Elon Musk’s Tesla Motors has confirmed that the National Highway Transportation Safety Administration (NHTSA) has contacted the company to let it know that its regulators were investigating the first known death of a driver of the acclaimed model while using the company’s autopilot.

Tesla Model S Driver Dead In Crash With Autopilot Mode On

In a blog post published late Thursday afternoon Tesla wrote:

“We learned yesterday evening that NHTSA is opening a preliminary evaluation into the performance of Autopilot during a recent fatal crash that occurred in a Model S. This is the first known fatality in just over 130 million miles where Autopilot was activated. Among all vehicles in the US, there is a fatality every 94 million miles. Worldwide, there is a fatality approximately every 60 million miles. It is important to emphasize that the NHTSA action is simply a preliminary evaluation to determine whether the system worked according to expectations.”

As a result, Tesla’s stock saw a 3% loss late in Thursday trading while Mobileye, which supplies cameras for Tesla and others saw a precipitous drop of 5% as well today.

The accident which caused the death of a Model S driver occurred on a divided highway where a tractor-trailer lost control and went perpendicular into the driver’s path. It’s believed that the accident occurred so quickly that neither the tractor-trailer nor the Model S, with autopilot engaged, applied the brakes to potentially avoid the accident(?).

Given the height disparity between the vehicles, it appears the underside of the semi first made contact with the windshield of the Tesla Model S.

Tesla was quick to point out its safety record and said that its car “would likely have prevented serious injury as it has in numerous other similar incidents.”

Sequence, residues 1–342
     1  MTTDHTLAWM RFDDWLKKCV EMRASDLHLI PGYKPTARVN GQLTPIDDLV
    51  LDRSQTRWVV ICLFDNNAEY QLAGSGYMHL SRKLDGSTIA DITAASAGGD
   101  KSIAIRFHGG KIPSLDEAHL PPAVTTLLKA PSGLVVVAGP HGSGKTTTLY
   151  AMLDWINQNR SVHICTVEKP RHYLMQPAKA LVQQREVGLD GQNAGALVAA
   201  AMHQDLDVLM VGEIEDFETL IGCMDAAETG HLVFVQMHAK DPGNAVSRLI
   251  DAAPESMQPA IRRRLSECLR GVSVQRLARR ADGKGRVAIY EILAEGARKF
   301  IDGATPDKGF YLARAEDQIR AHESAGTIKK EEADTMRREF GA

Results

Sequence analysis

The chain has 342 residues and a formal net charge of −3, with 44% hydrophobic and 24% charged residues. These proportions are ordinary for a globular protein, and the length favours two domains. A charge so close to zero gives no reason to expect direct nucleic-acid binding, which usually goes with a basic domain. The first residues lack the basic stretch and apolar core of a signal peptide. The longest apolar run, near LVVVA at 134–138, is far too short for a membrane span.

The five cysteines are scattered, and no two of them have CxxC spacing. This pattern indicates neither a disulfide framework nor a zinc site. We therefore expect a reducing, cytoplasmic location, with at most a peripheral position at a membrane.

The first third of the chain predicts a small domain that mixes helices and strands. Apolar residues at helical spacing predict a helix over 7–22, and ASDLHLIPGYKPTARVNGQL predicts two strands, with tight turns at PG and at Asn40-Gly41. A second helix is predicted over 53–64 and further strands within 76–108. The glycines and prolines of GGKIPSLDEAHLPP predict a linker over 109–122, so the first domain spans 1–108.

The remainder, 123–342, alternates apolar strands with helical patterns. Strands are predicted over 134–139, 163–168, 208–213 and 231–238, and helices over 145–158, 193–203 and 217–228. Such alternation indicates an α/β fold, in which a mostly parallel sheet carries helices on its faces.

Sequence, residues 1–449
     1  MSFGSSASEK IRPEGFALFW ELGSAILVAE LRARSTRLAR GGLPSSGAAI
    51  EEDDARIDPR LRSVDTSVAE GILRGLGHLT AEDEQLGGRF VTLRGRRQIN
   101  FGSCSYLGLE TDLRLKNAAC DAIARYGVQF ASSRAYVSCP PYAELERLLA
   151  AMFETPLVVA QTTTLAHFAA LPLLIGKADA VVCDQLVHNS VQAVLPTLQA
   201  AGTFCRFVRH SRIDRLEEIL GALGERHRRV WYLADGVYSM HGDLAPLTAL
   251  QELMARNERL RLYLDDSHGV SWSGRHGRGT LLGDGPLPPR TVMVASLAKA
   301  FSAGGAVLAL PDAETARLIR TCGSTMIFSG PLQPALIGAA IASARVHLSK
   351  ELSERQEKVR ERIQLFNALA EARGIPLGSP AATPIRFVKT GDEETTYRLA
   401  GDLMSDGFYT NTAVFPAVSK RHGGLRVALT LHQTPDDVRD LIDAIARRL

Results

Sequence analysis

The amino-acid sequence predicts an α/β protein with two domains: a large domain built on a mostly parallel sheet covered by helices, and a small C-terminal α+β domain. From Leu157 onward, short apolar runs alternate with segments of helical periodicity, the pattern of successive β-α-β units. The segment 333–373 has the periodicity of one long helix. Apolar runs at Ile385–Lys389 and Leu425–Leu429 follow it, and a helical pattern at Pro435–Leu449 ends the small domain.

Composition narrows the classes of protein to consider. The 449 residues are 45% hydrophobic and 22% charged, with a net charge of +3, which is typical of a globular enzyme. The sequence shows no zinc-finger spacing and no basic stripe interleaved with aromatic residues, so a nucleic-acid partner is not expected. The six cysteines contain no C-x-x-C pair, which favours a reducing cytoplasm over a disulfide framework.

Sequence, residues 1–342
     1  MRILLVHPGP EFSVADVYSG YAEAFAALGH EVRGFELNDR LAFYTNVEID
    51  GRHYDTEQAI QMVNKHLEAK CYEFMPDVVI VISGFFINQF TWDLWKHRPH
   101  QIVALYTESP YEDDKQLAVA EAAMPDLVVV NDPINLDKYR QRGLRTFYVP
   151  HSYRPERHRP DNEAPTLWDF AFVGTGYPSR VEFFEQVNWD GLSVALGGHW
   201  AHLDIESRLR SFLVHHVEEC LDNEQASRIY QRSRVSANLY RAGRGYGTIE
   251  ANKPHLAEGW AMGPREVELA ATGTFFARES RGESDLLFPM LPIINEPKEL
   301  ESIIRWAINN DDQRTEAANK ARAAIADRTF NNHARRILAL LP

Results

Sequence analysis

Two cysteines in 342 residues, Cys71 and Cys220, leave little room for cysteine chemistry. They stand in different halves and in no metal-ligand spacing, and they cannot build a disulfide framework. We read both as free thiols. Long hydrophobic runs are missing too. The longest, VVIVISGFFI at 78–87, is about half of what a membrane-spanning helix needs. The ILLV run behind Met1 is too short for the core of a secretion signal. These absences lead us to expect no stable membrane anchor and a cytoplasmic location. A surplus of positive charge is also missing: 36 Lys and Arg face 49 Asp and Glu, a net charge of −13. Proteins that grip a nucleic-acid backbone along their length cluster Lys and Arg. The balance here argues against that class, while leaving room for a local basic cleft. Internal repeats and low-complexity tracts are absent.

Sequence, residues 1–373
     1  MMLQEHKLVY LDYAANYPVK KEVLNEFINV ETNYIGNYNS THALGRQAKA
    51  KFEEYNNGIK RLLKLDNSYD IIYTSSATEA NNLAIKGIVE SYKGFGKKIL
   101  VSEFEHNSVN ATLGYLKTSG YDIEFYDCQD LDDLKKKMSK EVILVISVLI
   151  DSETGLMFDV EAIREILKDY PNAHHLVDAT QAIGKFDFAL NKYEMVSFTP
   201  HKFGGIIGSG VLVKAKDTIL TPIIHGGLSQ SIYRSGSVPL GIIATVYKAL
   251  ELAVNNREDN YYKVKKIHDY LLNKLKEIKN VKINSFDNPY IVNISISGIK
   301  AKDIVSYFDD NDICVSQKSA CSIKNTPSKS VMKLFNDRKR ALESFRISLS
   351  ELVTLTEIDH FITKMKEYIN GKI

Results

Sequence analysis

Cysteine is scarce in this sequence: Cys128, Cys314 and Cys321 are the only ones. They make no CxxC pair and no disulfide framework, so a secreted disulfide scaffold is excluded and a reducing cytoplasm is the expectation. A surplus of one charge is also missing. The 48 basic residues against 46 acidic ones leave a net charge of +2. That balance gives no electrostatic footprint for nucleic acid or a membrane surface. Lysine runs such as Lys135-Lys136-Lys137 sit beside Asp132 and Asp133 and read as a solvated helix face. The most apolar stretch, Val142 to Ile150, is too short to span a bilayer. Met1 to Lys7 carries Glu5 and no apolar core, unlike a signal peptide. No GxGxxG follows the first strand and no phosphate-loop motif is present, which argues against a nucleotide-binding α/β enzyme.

It should be pointed out that, apparently, the accident occurred “against a brightly lit sky” where neither driver may have seen the others’ vehicle.

Do to the engagement of the autopilot on the Tesla, the NHTS said the incident “calls for an examination of the design and performance of any driving aids in use at the time of the crash.”

While it’s far too early to begin to try to ascertain if any fault in the driver’s death will fall to Tesla, it reads like a freak accident.

Numerous reviewers of Tesla models equipped with autopilot have suggested that the system is brilliant and telemetry and eyewitness accounts will likely not be able to ascertain what truly happened.

Tesla maintains that the feature, while useful is not enough, and has told drivers that “you need to maintain control and responsibility for your vehicle.” The autopilot function does not countermand the driver’s application of the brakes.

However, with new technology like the autopilot feature on the Model S and Model X, expect the NHTSA to put this accident under the microscope and then go over any data with a fine-tooth comb given the tragedy and the engagement of the “new” system.